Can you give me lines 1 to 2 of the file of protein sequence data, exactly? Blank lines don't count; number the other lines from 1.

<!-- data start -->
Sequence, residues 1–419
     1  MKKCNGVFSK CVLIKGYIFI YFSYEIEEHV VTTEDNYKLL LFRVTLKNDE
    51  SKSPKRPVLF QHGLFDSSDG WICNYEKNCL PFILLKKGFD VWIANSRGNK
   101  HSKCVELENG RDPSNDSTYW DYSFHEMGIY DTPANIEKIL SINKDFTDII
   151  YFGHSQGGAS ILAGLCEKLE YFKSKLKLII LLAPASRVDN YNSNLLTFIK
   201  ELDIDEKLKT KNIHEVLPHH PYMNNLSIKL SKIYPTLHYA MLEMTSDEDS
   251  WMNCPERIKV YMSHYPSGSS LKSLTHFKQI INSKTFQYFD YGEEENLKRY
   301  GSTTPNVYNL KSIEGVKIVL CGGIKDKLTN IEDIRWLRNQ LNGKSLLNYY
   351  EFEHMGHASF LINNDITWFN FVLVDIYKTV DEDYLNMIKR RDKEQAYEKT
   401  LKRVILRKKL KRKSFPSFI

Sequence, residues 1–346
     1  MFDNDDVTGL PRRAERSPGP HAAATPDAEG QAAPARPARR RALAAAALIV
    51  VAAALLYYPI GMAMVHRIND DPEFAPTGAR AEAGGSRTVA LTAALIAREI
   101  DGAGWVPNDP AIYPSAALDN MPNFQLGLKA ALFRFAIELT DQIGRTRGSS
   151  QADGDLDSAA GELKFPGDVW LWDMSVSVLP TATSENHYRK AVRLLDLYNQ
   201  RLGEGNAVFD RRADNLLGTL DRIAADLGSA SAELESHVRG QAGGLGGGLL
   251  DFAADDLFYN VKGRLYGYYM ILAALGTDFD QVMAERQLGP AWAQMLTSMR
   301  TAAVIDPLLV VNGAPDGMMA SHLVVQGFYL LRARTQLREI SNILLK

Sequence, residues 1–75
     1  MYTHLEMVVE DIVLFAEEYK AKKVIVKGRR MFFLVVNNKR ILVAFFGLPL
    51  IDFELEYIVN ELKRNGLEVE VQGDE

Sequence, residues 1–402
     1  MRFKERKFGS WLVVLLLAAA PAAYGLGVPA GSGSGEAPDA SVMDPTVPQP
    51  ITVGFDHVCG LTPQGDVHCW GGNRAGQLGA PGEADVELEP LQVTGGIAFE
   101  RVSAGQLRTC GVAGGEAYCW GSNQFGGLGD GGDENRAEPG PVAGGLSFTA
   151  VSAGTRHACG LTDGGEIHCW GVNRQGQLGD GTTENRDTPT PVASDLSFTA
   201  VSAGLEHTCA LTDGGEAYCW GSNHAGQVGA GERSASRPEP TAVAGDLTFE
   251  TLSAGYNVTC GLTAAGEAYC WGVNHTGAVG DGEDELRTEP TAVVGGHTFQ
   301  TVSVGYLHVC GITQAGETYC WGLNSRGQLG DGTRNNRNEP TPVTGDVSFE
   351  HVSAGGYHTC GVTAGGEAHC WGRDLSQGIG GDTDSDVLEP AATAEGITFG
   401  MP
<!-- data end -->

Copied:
Sequence, residues 1–419
     1  MKKCNGVFSK CVLIKGYIFI YFSYEIEEHV VTTEDNYKLL LFRVTLKNDE